Sen. Ron Johnson Doubles Down on Capitol Riots, BLM Remarks With WSJ Op-Ed

Sen. Ron Johnson (R-WI) has doubled down on his comments on the Capitol Riots, Antifa, and Black Lives Matter supporters. The Republican shared his views in a Wall Street Journal opinion piece titled "I Won't Be Silenced by the Left."

Johnson was being interviewed on The Joe Pags Show last week when he told the conservative political commentator: "[I've been] criticized because I've made the comment that on January 6 I never felt threatened, because I didn't.

"And mainly because I knew that even though those thousands of people there were marching the Capitol trying to pressure people like me to vote the way they wanted me to vote, I knew those are people that love this country, that truly respect law enforcement, who would never do anything to break a law, and so I wasn't concerned.

"Now had the tables been turned—and Joe, this'll get me in trouble—had the tables been turned and President Trump won the election, and those were tens of thousands of Black Lives Matter and Antifa protesters, I might have been a little concerned."

Ron Johnson
Chairman Ron Johnson (R-WI) speaks at a Senate Homeland Security Committee hearing on March 5, 2020 in Washington, D.C. Johnson has doubled down on his comments on the Capitol Riots and the Black Lives Matter movement in a Wall Street Journal opinion piece. Samuel Corum/Getty

Five people died when supporters of former President Donald Trump stormed the Capitol building on January 6. Among those killed was a police officer, while other officers suffered brain injuries, cracked ribs, and the loss of an eye among other injuries.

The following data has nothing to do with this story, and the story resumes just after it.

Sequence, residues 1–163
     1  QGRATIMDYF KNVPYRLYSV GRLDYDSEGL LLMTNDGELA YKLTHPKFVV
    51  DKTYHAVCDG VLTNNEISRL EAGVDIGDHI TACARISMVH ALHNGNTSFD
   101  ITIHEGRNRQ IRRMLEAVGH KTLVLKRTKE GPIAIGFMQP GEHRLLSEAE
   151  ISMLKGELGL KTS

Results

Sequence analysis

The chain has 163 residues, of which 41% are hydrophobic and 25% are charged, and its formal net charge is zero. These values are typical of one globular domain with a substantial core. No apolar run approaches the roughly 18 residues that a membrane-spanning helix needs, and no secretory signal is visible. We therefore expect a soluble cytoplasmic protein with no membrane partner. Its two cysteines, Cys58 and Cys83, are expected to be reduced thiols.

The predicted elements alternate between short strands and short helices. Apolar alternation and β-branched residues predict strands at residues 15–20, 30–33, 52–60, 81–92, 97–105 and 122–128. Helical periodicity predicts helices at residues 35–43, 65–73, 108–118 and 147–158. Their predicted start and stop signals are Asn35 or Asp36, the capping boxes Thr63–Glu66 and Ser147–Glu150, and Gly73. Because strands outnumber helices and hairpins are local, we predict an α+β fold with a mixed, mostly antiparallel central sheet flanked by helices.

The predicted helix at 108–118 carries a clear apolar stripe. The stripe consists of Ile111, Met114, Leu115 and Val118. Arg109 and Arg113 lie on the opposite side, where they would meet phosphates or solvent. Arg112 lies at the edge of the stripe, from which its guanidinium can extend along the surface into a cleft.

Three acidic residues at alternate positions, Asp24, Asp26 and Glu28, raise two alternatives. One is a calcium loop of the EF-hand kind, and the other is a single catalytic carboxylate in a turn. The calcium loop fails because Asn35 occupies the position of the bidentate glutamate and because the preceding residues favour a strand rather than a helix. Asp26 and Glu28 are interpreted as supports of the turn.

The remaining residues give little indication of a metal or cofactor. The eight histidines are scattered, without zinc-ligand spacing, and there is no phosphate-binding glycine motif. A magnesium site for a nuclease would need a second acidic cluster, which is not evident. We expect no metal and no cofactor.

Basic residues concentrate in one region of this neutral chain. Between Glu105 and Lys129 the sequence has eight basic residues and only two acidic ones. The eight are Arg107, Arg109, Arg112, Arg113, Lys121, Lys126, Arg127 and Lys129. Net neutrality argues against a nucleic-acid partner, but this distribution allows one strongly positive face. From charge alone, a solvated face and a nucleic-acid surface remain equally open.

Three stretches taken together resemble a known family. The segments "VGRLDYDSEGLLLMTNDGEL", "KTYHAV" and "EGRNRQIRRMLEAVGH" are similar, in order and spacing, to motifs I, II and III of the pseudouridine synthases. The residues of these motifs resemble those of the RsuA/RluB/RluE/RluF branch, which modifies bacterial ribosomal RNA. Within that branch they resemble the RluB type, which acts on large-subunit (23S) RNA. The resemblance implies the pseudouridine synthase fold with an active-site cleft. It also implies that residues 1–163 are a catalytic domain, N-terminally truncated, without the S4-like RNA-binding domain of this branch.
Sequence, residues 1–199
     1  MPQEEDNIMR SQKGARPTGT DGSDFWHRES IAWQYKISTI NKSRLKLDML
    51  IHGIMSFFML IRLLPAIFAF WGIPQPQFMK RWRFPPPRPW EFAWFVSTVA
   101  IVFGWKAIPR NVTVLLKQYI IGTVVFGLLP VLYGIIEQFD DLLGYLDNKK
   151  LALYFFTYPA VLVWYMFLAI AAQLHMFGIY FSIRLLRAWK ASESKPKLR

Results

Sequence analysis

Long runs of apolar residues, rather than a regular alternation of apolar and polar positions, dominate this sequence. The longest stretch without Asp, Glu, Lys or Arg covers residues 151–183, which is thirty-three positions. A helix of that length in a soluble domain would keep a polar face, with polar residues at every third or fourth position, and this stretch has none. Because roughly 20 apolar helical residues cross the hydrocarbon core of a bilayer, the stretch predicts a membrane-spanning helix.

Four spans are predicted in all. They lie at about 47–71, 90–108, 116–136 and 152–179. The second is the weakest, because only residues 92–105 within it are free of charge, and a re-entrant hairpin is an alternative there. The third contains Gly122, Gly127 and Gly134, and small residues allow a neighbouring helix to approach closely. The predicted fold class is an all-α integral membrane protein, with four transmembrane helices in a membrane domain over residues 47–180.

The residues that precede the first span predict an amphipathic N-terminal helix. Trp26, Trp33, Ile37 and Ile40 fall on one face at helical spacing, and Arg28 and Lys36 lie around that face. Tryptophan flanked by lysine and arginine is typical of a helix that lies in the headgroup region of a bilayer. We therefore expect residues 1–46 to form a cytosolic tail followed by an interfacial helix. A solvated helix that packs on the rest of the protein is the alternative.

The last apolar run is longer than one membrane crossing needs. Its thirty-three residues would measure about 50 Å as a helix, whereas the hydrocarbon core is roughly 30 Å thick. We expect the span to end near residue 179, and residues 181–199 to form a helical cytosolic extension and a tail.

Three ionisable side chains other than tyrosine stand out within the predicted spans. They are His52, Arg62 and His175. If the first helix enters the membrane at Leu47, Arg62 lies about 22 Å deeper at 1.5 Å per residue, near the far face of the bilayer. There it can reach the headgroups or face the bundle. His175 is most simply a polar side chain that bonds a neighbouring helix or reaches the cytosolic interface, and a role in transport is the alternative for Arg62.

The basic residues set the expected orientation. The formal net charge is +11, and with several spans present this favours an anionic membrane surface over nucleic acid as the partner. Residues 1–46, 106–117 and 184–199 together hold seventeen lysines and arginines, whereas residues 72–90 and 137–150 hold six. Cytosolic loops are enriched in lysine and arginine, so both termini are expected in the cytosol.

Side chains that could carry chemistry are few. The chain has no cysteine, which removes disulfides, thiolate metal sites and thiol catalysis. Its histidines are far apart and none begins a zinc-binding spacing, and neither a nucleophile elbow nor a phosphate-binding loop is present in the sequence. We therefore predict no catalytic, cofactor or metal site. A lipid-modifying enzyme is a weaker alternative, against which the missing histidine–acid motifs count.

In the summer, the Black Lives Matter movement protested against racism and police brutality across the U.S. and internationally, following the death of George Floyd.

Johnson's comments faced backlash and the Milwaukee Journal Sentinel urged that if the Wisconsin senator were to run again, "Johnson must be opposed in both the primary and general elections by people who care enough about democracy to support and defend it."

Rep. Adam Kinzinger (R-IL) has also criticized Johnson's comments on the Capitol Riots, telling CNN: "I don't know why people like Senator Johnson are insistent on going back and saying it really wasn't that big of a deal. It's a rewrite of history that frankly is not going to smile well on him in the history of time."

However, Johnson has defended himself in an opinion piece published in the Wall Street Journal published on Monday.

Johnson opened the piece by writing: "I'm amazed but not surprised. Those who seek political advantage by dividing the nation hurl the worst possible accusations to silence anyone who challenges their left-wing agenda."

He goes on to say that he condemns the lawbreakers present at the Capitol rioters but that he wants to push back against the "Democrats and their media allies" implying that "all present were 'armed insurrectionists' determined to overthrow the government."

Johnson reiterated in the piece that he told the truth about not feeling threatened during the Capitol Riots on January 6 and that he "might have been worried" if Trump had won and the "violent leftists who burned Kenosha, Wisconsin, and Minneapolis last summer had come to Washington."

He also claimed that he has been "repeatedly attacked for challenging the left's false narratives," and that he "had no idea they would so thoroughly twist my words and reflexively play the race card."

Johnson pushed back against the racism claims by saying: "It was also sadly predictable that liberals would hurl the accusation of racism. This isn't about race. It's about riots. The rioters who burned Kenosha weren't of any one ethnicity; they were united by their radical leftism."

The senator also said that the "radical left" has a "taste for violence," unlike the "Trump rallies we all saw carried out peacefully."

Johnson ended his Wall Street Journal opinion piece by writing: "An unbiased free press is essential in a democracy, but the censorship of conservative perspectives in today's cancel culture is antithetical to freedom."